> If you value someone's work, I think you owe them some form of compensation.
It's entirely possible to value someone's work, but not agree with his exclusivity requirements.
> I agree that good ideas shouldn't be trapped or left to wither in isolation when they could benefit society at large. I just think this has to be tempered with some form of compensation to the person who introduced the idea.
And I think "I was here first so you all are prosecuting me by not going somewhere else and trying to get here" is a prefect way to let good ideas wither and die. More importantly, this sense of exclusivity and entitlement is misplaced.
If something is inevitable or trivial (slide to unlock, one-click checkout), I don't think there should be any protection at all.
But the more original something is, the more the creator has actually added to society by creating it. And yes, copying it can add to society as well by making it universal, but I think some kind of monetary incentive is a great way to get people to work on original ideas.
Would Apple be so creative if they weren't so profitable? Isn't it their profitability which gives them the ability to spend time and money on R&D? If you take away the profit, don't you take away the opportunity to do R&D?
I think this is why patents were introduced in the first place. I don't think patents work for software, but I think the idea is the same. For the greatest good for society, we want lots and lots of universally applied creative ideas. But there's a trade-off between encouraging new ideas and encouraging mass distribution of ideas. "IP" laws encourage new ideas but discourage sharing. "Piracy" encourages sharing but discourages new ideas.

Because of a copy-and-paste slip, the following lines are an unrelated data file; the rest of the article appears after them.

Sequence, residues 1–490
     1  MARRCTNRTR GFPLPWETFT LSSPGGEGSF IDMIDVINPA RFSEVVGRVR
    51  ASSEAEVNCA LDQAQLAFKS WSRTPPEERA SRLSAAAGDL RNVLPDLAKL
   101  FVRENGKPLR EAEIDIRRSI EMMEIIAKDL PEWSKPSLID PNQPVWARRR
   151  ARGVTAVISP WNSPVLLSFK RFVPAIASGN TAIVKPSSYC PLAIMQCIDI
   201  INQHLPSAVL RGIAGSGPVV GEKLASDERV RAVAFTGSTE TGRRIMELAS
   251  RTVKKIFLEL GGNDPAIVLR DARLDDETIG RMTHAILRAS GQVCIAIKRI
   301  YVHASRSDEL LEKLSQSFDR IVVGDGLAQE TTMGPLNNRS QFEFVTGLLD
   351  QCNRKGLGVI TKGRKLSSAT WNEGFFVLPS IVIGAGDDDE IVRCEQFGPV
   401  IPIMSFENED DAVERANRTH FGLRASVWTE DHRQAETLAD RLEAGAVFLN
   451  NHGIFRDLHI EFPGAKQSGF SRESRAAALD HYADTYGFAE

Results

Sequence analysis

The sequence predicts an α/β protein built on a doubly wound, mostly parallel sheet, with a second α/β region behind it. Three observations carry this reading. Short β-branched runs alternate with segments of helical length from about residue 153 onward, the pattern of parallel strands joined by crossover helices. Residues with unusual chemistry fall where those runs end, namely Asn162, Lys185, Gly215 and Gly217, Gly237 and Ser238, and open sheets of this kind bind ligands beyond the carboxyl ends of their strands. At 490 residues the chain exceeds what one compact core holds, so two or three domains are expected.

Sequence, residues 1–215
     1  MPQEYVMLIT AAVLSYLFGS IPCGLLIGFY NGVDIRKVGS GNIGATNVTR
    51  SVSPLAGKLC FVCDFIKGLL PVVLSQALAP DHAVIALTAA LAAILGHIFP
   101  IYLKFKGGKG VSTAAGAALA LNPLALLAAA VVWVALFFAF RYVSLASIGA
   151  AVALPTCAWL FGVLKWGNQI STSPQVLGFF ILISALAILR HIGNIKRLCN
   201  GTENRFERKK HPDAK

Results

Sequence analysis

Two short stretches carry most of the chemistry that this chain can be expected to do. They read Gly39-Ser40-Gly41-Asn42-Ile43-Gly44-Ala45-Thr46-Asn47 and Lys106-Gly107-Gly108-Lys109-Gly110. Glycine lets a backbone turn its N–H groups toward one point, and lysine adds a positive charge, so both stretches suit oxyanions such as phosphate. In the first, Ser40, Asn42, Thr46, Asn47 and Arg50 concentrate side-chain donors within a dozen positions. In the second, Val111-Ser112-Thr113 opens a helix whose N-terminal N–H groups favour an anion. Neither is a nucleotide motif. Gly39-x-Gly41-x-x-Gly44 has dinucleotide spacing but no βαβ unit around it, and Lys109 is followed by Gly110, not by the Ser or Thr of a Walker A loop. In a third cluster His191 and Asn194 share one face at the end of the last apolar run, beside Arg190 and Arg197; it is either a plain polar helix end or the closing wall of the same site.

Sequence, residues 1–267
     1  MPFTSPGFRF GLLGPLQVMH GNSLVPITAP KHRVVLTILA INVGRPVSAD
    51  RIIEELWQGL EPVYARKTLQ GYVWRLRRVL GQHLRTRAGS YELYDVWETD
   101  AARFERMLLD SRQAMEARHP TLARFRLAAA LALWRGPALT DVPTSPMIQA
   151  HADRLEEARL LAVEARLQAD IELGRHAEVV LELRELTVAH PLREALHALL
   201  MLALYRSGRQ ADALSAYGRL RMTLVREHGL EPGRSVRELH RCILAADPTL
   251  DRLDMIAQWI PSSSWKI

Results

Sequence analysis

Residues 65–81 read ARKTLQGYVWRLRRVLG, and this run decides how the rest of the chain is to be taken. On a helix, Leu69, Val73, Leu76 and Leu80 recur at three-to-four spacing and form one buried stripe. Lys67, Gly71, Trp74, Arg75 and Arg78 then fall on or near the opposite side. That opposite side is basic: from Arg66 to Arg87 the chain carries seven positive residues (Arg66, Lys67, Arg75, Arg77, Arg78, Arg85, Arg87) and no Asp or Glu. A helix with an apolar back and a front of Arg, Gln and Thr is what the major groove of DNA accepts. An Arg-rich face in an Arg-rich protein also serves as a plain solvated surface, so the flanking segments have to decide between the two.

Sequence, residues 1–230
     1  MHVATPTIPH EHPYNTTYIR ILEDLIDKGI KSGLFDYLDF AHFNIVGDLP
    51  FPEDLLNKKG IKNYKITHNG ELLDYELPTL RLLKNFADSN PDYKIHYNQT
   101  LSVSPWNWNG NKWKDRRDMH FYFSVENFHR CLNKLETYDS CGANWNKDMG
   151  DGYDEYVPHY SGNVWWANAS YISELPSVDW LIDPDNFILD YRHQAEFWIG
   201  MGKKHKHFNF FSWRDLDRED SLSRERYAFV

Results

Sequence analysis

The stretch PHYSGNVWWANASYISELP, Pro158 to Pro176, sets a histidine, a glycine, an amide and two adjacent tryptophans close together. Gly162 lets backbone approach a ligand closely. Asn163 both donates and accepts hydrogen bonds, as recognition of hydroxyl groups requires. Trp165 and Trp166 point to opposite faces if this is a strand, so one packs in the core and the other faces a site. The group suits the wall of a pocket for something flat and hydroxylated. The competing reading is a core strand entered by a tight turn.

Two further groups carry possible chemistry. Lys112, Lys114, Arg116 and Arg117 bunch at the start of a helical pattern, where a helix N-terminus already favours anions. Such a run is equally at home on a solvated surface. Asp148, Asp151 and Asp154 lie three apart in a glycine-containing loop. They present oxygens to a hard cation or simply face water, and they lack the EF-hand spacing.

I just think that there needs to be a balance, and that "thanks for doing the hard work, I'll take it from here" isn't it.
EDIT: I would appreciate an explanation of why people feel I am not contributing.
If Apple's profit equates to Android not doing what they are doing, Apple going bankrupt will be a fair trade in my book. If Apple comes up with something original, which Android re-implements, it doesn't owe Apple anything, even if it affects Apple's profits. Apple working on original things and being in business is good, but not so much that others' ability to re-implement things be taken away.
Android has different hardware, a different OS, a different programming language for development, etc.
At the most precise level, copying music creates and absolutely perfect copy. There is literally no difference between the original file and the new one.
Would it be fair for someone to make an exact copy of an iPhone, running an exact copy of iOS and then distribute it?